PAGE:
The doorbell rings, making me jump and my glasses slip off. John goes to answer while I hurriedly grab candles from the bedroom to complete the setting.
John re-enters the room with his parents. ‘Mum, Dad, this is Katie…’ He stops. They all stare wide-eyed at the table, mouths open.
Confused, I retrieve my glasses from the floor and look again at the table. My beautiful table.
Oh. I never knew how similar candles and vibrators looked.
Joint second place (each winning free access to two of my online creative writing courses (currently worth £40 / $40) or a free edit and critique of up to 1,500 words (worth £11 / $14):
Patricia Cooksley with ‘Hot Scones’
George sauntered down Chapel Hill Lane. The smells of horse manure and silage entered his nostrils, making him sneeze. He looked up at John, not knowing where he was headed. As they approached an old farmhouse, John was tempted by the sweet aroma of freshly baked scones. He loved them hot with lots of butter and cherry jam. “How about it?” he asked George.
George’s mouth watered as he anticipated a snack. They entered through the garden gate before they were greeted by Doris. “Who needs 20:20 vision when you have nostrils and a guide dog? Don’t you agree, George?”
Simar Singh with ‘Nature’s Law’
I was born in Wuhan, a small province in China.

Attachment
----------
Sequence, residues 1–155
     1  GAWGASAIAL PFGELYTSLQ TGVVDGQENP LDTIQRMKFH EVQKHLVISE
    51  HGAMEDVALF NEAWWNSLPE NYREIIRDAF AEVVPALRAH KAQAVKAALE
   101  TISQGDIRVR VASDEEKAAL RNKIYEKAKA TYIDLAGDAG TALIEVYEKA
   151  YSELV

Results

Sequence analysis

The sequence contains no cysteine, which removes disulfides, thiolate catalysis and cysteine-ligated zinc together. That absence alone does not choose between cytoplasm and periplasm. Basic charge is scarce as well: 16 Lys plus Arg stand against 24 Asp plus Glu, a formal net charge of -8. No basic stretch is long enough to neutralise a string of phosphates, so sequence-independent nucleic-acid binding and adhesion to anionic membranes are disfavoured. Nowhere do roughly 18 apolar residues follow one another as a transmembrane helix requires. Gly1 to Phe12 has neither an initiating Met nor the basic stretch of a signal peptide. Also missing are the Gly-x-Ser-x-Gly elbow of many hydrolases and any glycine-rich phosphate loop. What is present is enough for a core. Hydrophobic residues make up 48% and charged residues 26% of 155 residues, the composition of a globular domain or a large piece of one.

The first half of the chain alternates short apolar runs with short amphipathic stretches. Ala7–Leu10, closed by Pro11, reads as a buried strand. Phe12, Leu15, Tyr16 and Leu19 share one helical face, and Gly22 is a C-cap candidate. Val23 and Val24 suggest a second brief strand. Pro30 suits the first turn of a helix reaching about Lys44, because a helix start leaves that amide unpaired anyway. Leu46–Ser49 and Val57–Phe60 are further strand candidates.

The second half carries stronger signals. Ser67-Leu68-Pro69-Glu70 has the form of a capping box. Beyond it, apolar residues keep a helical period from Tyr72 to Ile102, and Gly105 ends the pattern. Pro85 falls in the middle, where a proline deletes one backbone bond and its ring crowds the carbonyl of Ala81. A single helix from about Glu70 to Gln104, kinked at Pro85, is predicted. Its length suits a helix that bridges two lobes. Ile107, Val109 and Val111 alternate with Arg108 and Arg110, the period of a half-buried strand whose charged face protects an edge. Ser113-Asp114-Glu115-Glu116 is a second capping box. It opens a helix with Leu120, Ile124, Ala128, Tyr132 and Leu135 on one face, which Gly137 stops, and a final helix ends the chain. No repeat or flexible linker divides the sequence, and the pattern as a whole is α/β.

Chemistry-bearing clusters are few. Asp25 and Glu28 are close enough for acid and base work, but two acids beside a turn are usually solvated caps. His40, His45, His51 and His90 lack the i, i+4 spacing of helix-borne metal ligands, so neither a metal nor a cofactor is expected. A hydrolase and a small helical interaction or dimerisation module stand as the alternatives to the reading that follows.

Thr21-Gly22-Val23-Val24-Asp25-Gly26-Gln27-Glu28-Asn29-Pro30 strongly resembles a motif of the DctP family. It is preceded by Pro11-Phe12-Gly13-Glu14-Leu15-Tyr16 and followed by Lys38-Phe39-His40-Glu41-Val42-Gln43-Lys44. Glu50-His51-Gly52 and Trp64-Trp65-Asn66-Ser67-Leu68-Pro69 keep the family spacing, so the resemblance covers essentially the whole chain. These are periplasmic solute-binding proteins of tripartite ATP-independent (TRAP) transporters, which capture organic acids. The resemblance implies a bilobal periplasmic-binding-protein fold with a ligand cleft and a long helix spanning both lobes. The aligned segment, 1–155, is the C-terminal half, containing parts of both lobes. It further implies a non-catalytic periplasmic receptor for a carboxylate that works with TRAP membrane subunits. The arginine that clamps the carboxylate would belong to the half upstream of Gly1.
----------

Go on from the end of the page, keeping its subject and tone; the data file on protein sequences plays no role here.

Mother birthed me to save herself.
So I went to the butcher’s market and followed a man to his village.
Anything to save my mother.
From China, I accompanied a European and an Asian, traveling far and wide
I reached the pools of Hawaii and sat in the colosseum.
I particularly liked Italy and New York.
I am a toddler so chaos ensued everywhere I went
The world screamed at me to stop, but the streets remained quiet.
Now the seas are finally clear and stars discernible.
Mother is healing.
Third place (winning free access to one of my online creative writing courses (currently worth £20 / $20) or a free edit and critique of up to 1,000 words (worth £7 / $9):
Joyce Bingham with ‘Five Goats in my Garden’
Delicately coloured tulips, vibrant hyacinths, selected to match the hellebores, are snatched, chewed and enjoyed. I can’t look away as yellow teeth pull and tear at delicate plants, hooves crush, maiming new emerging shoots.
My 20:20 vision of my garden, nearing its maturity, the long hours I toiled, pruned, weeded, selected, planted. I talked to them, cajoled them into new growth, worried over the lack of, or too much rain.
Now my garden is being eaten, I feel invigorated, I laugh with pleasure, I hug myself in the joy of being alive and giving nourishment to the Great Orme goats.
Highly commended (winning my Entering Writing Competitions course worth £20 / $20) or a free edit and critique of up to 1,000 words (worth £7 / $9) – in alphabetical order:
Honourable mentions (not winning anything but only narrowly missing out and still looking good on their CV) – in alphabetical order:
- Alex Ravenhall with ‘Taboo’
- Allyson Salmon with ‘Presbyopia’
- Christine Law with ‘Through the Looking Glass’
- Christopher Tattersall with ‘The Voices’
- Darren York with ‘The Watcher’
- Shalom Galve Aranas with ‘The Flight Stewardess’
Congratulations, everyone. The entries for this month are already drifting in. Remember, you can send up to three per month so rather than miss out on a chance by sending one story, do submit more.
If you’ve enjoyed these stories and / or just want to leave a comment, please do so below and / or you can email me at firstname.lastname@example.org., although I won’t (can’t) discuss forthcoming entries unless it’s a general query.